On Sept. 30, the federal government will end its fiscal year with a deficit — the excess of spending over revenues — of a near-record $407 billion. The all time record was $413 billion in 2004.
This year’s deficit is double last year’s and the news only gets worse. The Congressional Budget Office projects the deficit for the fiscal year starting Oct. 1 at $438 billion but the head of the CBO says the deficit will likely be over $500 billion, perhaps as high as $540 billion. It certainly will reach that if Congress goes ahead with a second stimulus package and its annual pullback of the Alternative Minimum Tax.
These deficits are financed by borrowing from anybody who will lend us money, including — maybe even especially — foreign governments and sovereign wealth funds.
This issue should be front and center for Republican John McCain and Democrat Barack Obama because those deficits are the black hole down which their campaign promises could disappear. And those promises are generous.
McCain proposes broad tax cuts — making the 2001 tax cuts permanent, abolishing the AMT, cutting corporate taxes and raising the dependent child deduction. Obama is slightly more selective but he would keep the tax cuts for those earning less than $250,000 and eliminate the income tax for many seniors.
In health care, Obama is the more expansive, promising universal health care coverage and subsidies to lower out-of-pocket medical costs. McCain would offer a refundable tax credit for the purchase of health insurance. It goes on.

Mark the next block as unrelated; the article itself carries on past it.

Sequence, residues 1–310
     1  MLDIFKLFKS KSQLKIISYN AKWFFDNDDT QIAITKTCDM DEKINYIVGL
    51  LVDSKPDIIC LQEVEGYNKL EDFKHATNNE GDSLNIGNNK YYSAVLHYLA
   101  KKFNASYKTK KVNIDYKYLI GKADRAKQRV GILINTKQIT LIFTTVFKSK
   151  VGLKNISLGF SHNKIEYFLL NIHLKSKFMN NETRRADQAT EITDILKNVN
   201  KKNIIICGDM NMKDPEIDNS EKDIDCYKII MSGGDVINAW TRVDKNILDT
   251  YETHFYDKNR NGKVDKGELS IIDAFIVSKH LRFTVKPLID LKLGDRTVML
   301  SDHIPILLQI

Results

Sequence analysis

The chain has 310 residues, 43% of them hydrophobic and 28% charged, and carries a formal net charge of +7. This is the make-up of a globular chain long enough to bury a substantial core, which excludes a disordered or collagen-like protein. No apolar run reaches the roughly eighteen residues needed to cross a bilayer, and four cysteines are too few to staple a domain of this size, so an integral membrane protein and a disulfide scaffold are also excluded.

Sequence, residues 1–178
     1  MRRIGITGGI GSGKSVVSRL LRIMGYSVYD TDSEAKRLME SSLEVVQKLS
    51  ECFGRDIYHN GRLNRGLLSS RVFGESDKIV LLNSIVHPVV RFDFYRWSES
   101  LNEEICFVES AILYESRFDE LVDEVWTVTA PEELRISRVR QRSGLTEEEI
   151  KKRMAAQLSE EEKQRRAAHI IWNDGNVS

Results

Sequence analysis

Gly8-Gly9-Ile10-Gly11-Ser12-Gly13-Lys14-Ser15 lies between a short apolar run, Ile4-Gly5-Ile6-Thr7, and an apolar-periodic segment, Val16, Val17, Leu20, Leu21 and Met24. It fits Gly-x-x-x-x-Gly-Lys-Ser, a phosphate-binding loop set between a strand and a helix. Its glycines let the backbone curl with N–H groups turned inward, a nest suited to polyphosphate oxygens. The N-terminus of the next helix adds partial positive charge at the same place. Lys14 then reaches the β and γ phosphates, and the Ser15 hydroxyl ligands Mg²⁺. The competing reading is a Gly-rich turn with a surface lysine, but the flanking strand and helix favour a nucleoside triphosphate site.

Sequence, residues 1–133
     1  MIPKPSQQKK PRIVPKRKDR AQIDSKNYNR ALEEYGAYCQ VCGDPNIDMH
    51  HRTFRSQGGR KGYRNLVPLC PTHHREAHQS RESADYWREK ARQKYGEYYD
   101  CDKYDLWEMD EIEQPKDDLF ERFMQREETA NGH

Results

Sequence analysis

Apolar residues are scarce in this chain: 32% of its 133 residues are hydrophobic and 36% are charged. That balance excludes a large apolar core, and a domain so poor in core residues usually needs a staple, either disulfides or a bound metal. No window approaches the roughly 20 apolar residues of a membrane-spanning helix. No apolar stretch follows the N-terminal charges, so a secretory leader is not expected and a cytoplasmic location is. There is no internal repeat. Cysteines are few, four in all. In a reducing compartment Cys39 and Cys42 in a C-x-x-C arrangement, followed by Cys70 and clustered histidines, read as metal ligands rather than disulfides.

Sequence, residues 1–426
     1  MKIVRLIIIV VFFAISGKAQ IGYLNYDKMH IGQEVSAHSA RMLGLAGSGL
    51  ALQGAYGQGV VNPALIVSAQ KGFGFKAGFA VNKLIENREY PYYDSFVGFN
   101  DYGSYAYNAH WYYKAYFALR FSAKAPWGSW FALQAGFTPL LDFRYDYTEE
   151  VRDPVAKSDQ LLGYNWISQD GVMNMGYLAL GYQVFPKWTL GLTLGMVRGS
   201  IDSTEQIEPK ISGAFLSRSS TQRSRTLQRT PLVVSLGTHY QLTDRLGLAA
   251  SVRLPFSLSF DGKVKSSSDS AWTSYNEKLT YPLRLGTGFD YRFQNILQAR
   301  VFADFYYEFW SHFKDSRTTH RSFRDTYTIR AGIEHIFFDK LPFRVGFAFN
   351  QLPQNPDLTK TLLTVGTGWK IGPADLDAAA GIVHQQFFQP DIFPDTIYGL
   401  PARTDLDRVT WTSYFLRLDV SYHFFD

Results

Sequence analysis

Both would increase military spending.
On the spending side, McCain would eliminate all earmarks, freeze discretionary spending — that is, funding for most of the government — for a year and end wasteful spending. Obama would save money by ending the Iraq war and he too would cut earmarks and wasteful spending. It’s not enough.
The nonpartisan eyeshades at the Committee for a Responsible Budget totaled up the spending, tax cuts and savings in the two candidates’ platforms and added them to the CBO’s optimistic projection of a $147 billion deficit in 2013.
Olbama would increase that year’s deficit by $286 billion to $413 billion and McCain by between $167 billion and $259 billion to a total deficit of between $314 billion and $406 billion.
Maybe the two campaigns could drop for a moment the topic of Sarah Palin to answer a simple question: How can we afford all this? Who’s going to pay for it? Hint: The central bank of China is the wrong answer.